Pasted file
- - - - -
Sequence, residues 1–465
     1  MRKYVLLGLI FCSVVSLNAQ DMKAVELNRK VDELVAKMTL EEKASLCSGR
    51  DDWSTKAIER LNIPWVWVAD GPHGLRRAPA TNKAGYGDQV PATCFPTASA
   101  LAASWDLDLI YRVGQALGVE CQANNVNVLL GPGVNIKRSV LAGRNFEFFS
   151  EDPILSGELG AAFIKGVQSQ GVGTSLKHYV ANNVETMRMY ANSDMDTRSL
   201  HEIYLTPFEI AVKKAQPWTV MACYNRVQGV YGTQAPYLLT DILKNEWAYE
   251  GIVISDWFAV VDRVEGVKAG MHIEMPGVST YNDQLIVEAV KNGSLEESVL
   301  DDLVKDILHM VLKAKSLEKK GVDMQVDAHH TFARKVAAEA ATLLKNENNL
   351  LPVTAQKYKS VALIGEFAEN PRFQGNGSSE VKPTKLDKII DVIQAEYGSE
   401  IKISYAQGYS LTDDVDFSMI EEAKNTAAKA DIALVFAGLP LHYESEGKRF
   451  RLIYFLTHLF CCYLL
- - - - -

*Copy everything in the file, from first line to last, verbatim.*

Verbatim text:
Sequence, residues 1–465
     1  MRKYVLLGLI FCSVVSLNAQ DMKAVELNRK VDELVAKMTL EEKASLCSGR
    51  DDWSTKAIER LNIPWVWVAD GPHGLRRAPA TNKAGYGDQV PATCFPTASA
   101  LAASWDLDLI YRVGQALGVE CQANNVNVLL GPGVNIKRSV LAGRNFEFFS
   151  EDPILSGELG AAFIKGVQSQ GVGTSLKHYV ANNVETMRMY ANSDMDTRSL
   201  HEIYLTPFEI AVKKAQPWTV MACYNRVQGV YGTQAPYLLT DILKNEWAYE
   251  GIVISDWFAV VDRVEGVKAG MHIEMPGVST YNDQLIVEAV KNGSLEESVL
   301  DDLVKDILHM VLKAKSLEKK GVDMQVDAHH TFARKVAAEA ATLLKNENNL
   351  LPVTAQKYKS VALIGEFAEN PRFQGNGSSE VKPTKLDKII DVIQAEYGSE
   401  IKISYAQGYS LTDDVDFSMI EEAKNTAAKA DIALVFAGLP LHYESEGKRF
   451  RLIYFLTHLF CCYLL